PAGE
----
The consequences of a compromised car can be dire. Financial information, personal contacts and GPS data are all information that can be devastating if put in the wrong hands. The stakes figure to be even higher once self-driving cars are on the road in large numbers, as the prospect of someone hijacking and controlling an autonomous vehicle remotely is utterly terrifying.
These risks have moved beyond theoretical. In 2015, Fiat Chrysler had to recall over 1.4 million Jeeps -- and then 8,000 more -- after it was discovered that a bug in the vehicle would allow someone to remotely control the car. Last year, Volkswagen came under fire for a similar situation. A 14-year-old successfully hacked a Delphi Automotives vehicle with $15 worth of parts.
It's no coincidence, then, that each of those three companies were sponsors of the Car Hacking Village, an event that was a part of this year's cybersecurity conference DEF CON. Alongside other hyper-relevant topics like voting machine security, it's fitting that the Car Hacking Village was one of the most talked about showcases at DEF CON. Presentations at the Village had titles such as "Insecure by Law," "Grand Theft Radio," and "That's no car. It's a network!"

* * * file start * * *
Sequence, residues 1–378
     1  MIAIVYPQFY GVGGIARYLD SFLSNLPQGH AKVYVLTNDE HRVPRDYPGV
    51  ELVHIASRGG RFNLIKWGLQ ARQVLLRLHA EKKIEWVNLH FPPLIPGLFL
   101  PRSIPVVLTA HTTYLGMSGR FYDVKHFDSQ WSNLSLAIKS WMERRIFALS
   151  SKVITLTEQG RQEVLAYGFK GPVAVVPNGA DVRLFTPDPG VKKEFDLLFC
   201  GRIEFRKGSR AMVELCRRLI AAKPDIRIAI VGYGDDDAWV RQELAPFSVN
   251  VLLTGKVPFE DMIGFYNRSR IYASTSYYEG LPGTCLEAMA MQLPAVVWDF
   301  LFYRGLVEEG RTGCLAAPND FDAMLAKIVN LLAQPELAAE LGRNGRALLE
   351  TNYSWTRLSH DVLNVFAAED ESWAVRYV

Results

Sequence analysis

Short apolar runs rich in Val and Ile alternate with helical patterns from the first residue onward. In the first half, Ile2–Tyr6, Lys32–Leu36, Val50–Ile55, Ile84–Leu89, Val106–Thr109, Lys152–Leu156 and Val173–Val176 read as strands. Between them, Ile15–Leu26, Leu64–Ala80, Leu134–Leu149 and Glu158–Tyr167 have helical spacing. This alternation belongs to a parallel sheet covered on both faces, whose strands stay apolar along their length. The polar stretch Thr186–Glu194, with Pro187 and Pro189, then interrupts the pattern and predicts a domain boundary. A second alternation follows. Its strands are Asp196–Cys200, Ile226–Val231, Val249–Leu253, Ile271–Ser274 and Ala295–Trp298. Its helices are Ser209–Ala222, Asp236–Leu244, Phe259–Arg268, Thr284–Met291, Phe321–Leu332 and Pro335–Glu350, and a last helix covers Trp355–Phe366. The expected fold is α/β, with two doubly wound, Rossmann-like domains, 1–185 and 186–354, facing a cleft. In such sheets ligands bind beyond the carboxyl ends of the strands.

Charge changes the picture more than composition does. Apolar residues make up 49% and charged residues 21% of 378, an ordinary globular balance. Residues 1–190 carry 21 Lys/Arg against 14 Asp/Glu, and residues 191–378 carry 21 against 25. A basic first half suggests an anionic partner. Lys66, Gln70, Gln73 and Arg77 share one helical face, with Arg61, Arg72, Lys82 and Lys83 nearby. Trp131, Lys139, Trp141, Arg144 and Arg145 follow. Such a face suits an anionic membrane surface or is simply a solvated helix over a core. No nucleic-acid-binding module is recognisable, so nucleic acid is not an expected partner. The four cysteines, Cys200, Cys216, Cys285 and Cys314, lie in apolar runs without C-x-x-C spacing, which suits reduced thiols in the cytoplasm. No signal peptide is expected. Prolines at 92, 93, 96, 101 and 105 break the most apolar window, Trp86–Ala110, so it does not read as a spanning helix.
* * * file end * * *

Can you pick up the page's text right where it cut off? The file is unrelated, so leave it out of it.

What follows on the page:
The rise of an event like the Car Hacking Village is a direct result of an increased need for cybersecurity experts in the connected vehicle space. In a matter of years, car manufacturers have gone from being relatively unconcerned with computer technology to relying upon it entirely. As computerized cars become fully connected cars, workers with cybersecurity backgrounds are at a premium for these automakers. In fact, the demand is so great that it is outstripping supply.
Active outreach in the form of events like the Village has become a key tool in helping companies fill essential cybersecurity positions.
"Hacking cars is hard," Casey Ellis, founder of Car Hacking Village sponsor Bugcrowd, told The Hill. "It requires specialized equipment and knowledge, not to mention the car. That's part of the reason [manufacturers] jumped into this. It's a good way to access talent they would otherwise be unable to hire."
"We need to move researchers to automobiles," Tod Beardsley told The Hill. Beardsley is director of research of software security company Rapid7, a sponsor of the Village.
The in-demand skill set is a specific one. The process that cybersecurity experts use to find weaknesses in automotive programs is somewhat counter-intuitive: They try to hack it themselves. By attempting to infiltrate a technology, coders can identify weak points, which is essential knowledge for understanding how to best shore them up. Plus, it gives security specialists insight into the mindset of the hackers they're trying to thwart.
In order to adequately address these issues, the automotive sector needs to undertake a sustained effort to recruit cybersecurity experts over the next several years. Sponsoring events like the Car Hacking Village is a start, but even more will need to be done in the future to grow the talent pool. The future of connected vehicles depends on it.